Knowing This Buzzword Is Worth $$$
You “roll the dice” when you post a password.Single Sign-On, is a method central user verification. It is the basis for an even easier-to implement variant called Social Sign-On, where the mechanism of authentication is an independently maintained service.
As it turns out, SSO and its “social” variant can also lend to a more secure overall ecosystem that Providers navigate daily.
Let’s take just a moment to talk about value in terms of dollars saved or spent.
HIPAA enforcement is a sound investment.
Have you ever posted a user name and password on a sticky note next to your screen? Sure you have. Everyone does it.
Do you realize that your password sticky note is a flagrant violation of HIPAA law, punishable by up to $50,000 a year, per incident? Avoiding that sticky note will save you a lot of money.
But, what’s the big deal? Why?
Were a hacker to use that note to compromise your patient data or gain access to hospital systems connected to that workstation, that one incident may result in hundreds or thousands of records accessed – each one a violation of the law. You could well be spending up to $1.5 million this year for that one misstep. Oh, and that is assuming you can prove you did it unknowingly.
Compliance can also be convenient.
There is some good news, though: fixing this problem will very likely make your business run smoother and boost time you can spend on patient care. Studies like the 2012 ONC/SAMHSA-sponsored pilot systems, showcase SSO as one way to reduce Prescription Drug Abuse. Having only one identity to manage makes it easier to focus on the tasks at hand, and that consistently produced tangible improvements in attaining the goal.
SSO is just one necessary aspect of Healthcare Information Exchange (HIE)
More data exchange means more risk points and a greater need for secure, central management..
This will impact Independent Providers and small Provider groups the most.
Dis-incorporated agencies pose a much greater risk as information exchanges hands. Think about all of the many un-connected or loosely connected systems you may use throughout the workday.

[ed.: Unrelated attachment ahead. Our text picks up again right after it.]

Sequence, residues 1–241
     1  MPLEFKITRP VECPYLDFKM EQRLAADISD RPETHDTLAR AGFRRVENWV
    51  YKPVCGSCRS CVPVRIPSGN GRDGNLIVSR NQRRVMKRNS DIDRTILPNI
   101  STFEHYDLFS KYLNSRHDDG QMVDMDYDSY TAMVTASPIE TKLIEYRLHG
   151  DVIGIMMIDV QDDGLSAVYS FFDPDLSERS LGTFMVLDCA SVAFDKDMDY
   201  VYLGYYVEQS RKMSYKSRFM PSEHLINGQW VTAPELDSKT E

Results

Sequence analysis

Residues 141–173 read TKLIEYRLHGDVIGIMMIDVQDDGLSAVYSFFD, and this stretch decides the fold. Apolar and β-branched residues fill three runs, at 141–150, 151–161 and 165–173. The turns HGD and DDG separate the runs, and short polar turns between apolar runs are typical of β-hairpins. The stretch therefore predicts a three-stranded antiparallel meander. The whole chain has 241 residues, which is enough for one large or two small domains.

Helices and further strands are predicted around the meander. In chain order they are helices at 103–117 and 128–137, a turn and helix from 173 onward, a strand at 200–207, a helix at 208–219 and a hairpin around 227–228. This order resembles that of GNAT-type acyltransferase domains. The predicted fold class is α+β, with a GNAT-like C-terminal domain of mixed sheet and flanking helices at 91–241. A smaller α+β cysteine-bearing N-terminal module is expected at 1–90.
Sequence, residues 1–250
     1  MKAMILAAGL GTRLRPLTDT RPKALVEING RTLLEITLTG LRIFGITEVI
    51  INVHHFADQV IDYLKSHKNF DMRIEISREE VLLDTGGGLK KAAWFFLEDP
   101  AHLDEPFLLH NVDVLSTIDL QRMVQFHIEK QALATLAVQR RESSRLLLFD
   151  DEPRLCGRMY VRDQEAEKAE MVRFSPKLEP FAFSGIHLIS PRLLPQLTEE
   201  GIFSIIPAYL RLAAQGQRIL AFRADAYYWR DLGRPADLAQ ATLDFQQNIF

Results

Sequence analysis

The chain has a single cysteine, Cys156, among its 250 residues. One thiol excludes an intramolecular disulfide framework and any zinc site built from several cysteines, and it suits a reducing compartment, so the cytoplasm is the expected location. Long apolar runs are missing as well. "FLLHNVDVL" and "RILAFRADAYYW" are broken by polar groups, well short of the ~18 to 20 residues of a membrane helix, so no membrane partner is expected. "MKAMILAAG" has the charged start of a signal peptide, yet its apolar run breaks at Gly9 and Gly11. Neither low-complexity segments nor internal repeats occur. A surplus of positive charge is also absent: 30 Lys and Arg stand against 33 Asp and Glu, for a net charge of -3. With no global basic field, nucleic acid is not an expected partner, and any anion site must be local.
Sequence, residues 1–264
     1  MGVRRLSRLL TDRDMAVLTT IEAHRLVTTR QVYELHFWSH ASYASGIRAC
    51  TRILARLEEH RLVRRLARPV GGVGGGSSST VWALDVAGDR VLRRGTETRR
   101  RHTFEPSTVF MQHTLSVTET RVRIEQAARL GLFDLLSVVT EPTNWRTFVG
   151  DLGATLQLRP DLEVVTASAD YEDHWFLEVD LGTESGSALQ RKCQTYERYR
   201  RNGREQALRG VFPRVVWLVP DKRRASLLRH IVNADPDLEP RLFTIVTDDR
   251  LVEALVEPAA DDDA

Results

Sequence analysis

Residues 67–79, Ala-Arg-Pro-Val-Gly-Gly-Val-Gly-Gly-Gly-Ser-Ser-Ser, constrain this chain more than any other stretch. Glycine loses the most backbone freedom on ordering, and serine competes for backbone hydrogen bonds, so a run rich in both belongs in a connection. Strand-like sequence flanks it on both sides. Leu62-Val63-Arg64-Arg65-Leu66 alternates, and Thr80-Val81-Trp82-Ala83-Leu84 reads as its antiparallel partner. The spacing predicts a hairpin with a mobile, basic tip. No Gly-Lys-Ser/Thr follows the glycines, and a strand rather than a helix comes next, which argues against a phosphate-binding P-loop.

User authentication is an ongoing challenge because we must track each username and password. With growing regulatory requirements for password length, complexity, storage and access, the process becomes more than burdensome with each added system.
We know what happens then: passwords are forgotten, easy-to-remember ones reused, and yellow sticky notes start appearing on computer screens. Not good.
Solution Choices: Lesser of Evils
SSO products have continued to trickle forth for at least five years now — most of them achieving modest adoption relative to the need. Here’s what is holding the technology up:
- Traditional SSO: Cost, because components are complex and require enterprise planning
- Cloud Services: Implementation costs defrayed, but really just deferred as the system evolves
- Social “Piggy Back”: Much smaller solution scope, missing pieces and widely untrusted
1. Traditional SSO is expensive, complicated and business-risky
Traditional Single Sign-On solutions require a common “platform”, a dedicated “channel” and some sort of sophisticated authentication process. Connecting internal systems from two independent businesses is not only expensive, it opens potential security vulnerabilities.
Also, the scope of traditional SSO goes well beyond user verification. It can include a full range of user attributes (titles, roles, addresses, etc), Access Control Lists (resources to which the user has access), and some sort of Directory function that allows an org-chart like structuring and programmatic access to ALL of the above.
For small businesses, doing such connections is both expensive and risky. SSO is simply out of budgetary reach.
Enter “Cloud” Sign-On…
2. Cloud alternatives need broad adoption before success
A handful of independent services, like Janrain’s OpenID, have definitely lowered the cost of entry by moving the process outside your firewall, into the “cloud”. The mechanism works much the same way as traditional SSO, but the guts of it are protected and maintained somewhere else. To implement, you must create and maintain a new user, and each potential system must adopt this central mechanism in order to take advantage. Despite generally lower cost, adoption is still a challenge.
Enter “Social” Sign-On…
3. “Social Sign-On” may be just enough solution for the cost, but no one trusts it
Since around 2009, email providers and social sites like Facebook have evangelized a simplified Cloud mechanism called “Social” Sign-On. This allows users to verify just their identity and optionally permit the use of a small subset of personal information.
Are they usable? Will they satisfy regulatory requirements? Are there concerns of intermingling personal and professional accounts?